Some suggest that God permitted the Jerusalem persecution so that the gospel might be spread outside of Jerusalem. Jesus did command His disciples to take the gospel to Jerusalem, Judea and Samaria and to the uttermost parts of the earth (Acts 1:8), and it was to Judea and Samaria that the Jerusalem believers were scattered (8:1). Wherever they went, they shared the gospel (8:4). How many saints have experienced God’s redemptive purposes in what first appears to be their misfortune? I certainly have. When “all hell breaks loose,” heaven has a plan.
Philip is the only person named in the New Testament as an evangelist. He was also a cross-cultural missionary, as he ministered to people of a different ethnicity. (Remember that Jews and Samaritans generally hated each other.)
Notice that Philip’s ministry was anointed with gifts of healing and other miracles, as paralyzed and lame people were healed and the demonized were delivered. If Philip had not been so supernaturally equipped, his message may well have gone unheard, because Simon the magician had already captured the Samaritans’ attention with his magic arts. Isn’t it tragic that so much of the modern church is powerless, sometimes even denying God’s supernatural power, while cults and false religions promote themselves by means of minor miracles of satanic origin? Help us, Lord!
We read today that the people of Samaria believed Philip’s gospel and were being baptized, having “received the word of God” (8:12-14). They were thoroughly born again. Yet we also read that the Holy Spirit “had not yet fallen upon any” of those thoroughly born-again believers (8:16). The Holy Spirit was inside them through the new birth, but He had not yet come upon them. They still needed to be clothed with power, and that is precisely why Peter and John journeyed to Samaria—“that they might receive the Holy Spirit” (8:15). This is one more indication that there is a second experience with the Holy Spirit that is available to every believer.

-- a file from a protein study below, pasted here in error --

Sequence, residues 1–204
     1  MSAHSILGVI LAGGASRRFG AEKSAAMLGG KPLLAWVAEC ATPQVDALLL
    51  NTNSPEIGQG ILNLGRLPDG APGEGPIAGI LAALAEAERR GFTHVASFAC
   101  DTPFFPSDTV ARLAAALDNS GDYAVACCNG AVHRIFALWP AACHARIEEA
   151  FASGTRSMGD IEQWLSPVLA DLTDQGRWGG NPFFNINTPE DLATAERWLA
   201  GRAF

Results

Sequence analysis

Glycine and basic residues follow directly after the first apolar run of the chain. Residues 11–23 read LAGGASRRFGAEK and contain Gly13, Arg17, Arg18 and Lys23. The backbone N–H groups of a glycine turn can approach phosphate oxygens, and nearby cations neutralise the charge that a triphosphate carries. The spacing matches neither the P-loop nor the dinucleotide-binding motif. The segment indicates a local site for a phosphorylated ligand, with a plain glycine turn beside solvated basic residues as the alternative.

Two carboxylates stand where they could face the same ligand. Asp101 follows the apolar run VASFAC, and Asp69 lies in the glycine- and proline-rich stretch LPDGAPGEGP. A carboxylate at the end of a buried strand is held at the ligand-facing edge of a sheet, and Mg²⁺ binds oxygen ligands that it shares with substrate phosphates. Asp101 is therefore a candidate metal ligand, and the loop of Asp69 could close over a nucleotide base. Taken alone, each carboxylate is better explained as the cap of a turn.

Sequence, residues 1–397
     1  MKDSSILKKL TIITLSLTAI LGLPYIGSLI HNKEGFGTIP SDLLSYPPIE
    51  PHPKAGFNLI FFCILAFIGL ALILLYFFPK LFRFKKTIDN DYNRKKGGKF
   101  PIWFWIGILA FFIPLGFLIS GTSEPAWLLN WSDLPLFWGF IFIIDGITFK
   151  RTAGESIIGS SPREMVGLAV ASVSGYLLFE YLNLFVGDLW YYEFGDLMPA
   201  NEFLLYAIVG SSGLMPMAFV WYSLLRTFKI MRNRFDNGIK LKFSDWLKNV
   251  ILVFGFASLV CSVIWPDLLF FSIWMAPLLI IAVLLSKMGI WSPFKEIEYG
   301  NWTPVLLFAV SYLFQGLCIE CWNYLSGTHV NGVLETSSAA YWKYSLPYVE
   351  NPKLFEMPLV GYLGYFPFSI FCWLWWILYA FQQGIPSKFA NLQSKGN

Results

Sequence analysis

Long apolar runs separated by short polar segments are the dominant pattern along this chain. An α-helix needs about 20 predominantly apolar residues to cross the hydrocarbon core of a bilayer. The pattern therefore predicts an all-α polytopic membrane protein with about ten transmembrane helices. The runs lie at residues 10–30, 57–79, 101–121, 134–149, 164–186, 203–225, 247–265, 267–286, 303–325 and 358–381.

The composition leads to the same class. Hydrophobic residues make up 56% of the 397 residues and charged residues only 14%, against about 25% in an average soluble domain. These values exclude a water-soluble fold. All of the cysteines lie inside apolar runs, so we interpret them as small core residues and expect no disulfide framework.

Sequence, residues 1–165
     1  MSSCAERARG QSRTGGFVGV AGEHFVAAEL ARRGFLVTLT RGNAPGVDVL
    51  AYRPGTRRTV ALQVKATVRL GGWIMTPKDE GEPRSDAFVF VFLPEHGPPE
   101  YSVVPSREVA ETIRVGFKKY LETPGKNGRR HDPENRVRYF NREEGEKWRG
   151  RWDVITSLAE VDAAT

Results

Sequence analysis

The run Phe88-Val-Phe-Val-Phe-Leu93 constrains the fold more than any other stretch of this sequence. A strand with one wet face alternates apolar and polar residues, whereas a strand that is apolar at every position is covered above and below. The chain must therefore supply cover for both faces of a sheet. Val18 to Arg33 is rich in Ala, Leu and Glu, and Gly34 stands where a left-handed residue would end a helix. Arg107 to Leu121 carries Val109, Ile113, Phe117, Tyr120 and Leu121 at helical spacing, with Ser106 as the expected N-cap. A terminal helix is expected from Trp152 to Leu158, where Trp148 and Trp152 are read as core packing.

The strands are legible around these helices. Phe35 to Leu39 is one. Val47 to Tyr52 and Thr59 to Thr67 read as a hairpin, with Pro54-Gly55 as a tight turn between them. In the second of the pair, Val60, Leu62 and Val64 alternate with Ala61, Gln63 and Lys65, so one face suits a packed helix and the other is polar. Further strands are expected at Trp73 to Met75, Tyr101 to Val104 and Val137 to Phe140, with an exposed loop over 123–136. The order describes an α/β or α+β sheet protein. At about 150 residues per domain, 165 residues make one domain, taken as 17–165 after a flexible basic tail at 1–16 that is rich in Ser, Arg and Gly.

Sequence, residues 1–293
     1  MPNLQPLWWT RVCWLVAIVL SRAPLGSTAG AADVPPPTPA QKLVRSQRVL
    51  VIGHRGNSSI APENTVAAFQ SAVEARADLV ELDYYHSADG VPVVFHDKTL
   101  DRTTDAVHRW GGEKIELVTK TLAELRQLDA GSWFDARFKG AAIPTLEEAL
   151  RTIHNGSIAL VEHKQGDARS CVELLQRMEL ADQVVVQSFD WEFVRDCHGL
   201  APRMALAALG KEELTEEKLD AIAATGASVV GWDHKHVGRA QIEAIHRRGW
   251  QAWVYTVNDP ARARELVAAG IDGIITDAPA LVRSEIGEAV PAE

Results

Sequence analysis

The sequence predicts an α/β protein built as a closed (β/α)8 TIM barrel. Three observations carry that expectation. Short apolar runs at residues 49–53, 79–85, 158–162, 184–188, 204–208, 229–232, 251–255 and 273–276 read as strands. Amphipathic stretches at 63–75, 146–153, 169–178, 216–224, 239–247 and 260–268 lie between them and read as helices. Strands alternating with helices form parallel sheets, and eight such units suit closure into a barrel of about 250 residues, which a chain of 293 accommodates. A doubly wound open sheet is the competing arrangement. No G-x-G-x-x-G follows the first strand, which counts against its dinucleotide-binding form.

These truths are so plain and simple that only theologians can deny them. Nothing is said in this passage that this incident was some kind of one time, special event orchestrated by God so that the Samaritan church would have a visible divine endorsement that would never be needed again. It was nothing more than what Scripture says it was: The Samaritans who believed in Jesus were born again but had not experienced the baptism in the Holy Spirit. So Peter and John traveled to Samaria to pray for them that they might receive the Spirit.
When Peter and John prayed for those new believers in Samaria, the Bible doesn’t say that they spoke in tongues, yet we know something supernatural happened, because Simon saw something so spectacular that he tried to buy the ability to impart the Holy Spirit. He had already seen healings take place and demons being cast out (8:7), so whatever he witnessed must have been quite amazing. It seems safe to assume that they were speaking in tongues, just as Peter and John did along with 118 others on the day of Pentecost.
The story of the Ethiopian eunuch teaches us that God knows how receptive every person is, and that He will lead us to spiritually hungry people. This eunuch was ripe for salvation, reading from the most messianic chapter of the entire Old Testament, wondering what it meant! An evangelist’s dream come true! We should ask God to guide us to receptive people.
Immediately after the eunuch made his confession of faith in Jesus, Philip baptized him in water. This was the first indication that the eunuch truly believed in Jesus. People who say they believe in Jesus but who are unwilling to obey His simple command to be baptized are fooling themselves.
Finally, notice that there was no way for Philip to “follow up” on his new convert, because he was immediately and supernaturally transported to another location. The modern urgent necessity of following up on new “converts” is an indictment against the impotence of the modern gospel. True disciples will abide in Christ’s word, just as He said (see John 8:31). They won’t need to be coerced to act like believers.